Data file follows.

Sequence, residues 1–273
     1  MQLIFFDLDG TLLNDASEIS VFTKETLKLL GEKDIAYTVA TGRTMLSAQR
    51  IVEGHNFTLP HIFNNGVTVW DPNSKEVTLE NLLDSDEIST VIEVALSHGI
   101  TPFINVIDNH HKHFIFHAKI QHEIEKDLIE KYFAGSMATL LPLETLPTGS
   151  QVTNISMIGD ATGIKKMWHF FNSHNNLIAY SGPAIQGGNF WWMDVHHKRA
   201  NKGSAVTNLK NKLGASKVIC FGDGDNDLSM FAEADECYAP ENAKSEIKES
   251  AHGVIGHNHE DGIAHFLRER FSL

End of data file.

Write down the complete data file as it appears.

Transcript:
Sequence, residues 1–273
     1  MQLIFFDLDG TLLNDASEIS VFTKETLKLL GEKDIAYTVA TGRTMLSAQR
    51  IVEGHNFTLP HIFNNGVTVW DPNSKEVTLE NLLDSDEIST VIEVALSHGI
   101  TPFINVIDNH HKHFIFHAKI QHEIEKDLIE KYFAGSMATL LPLETLPTGS
   151  QVTNISMIGD ATGIKKMWHF FNSHNNLIAY SGPAIQGGNF WWMDVHHKRA
   201  NKGSAVTNLK NKLGASKVIC FGDGDNDLSM FAEADECYAP ENAKSEIKES
   251  AHGVIGHNHE DGIAHFLRER FSL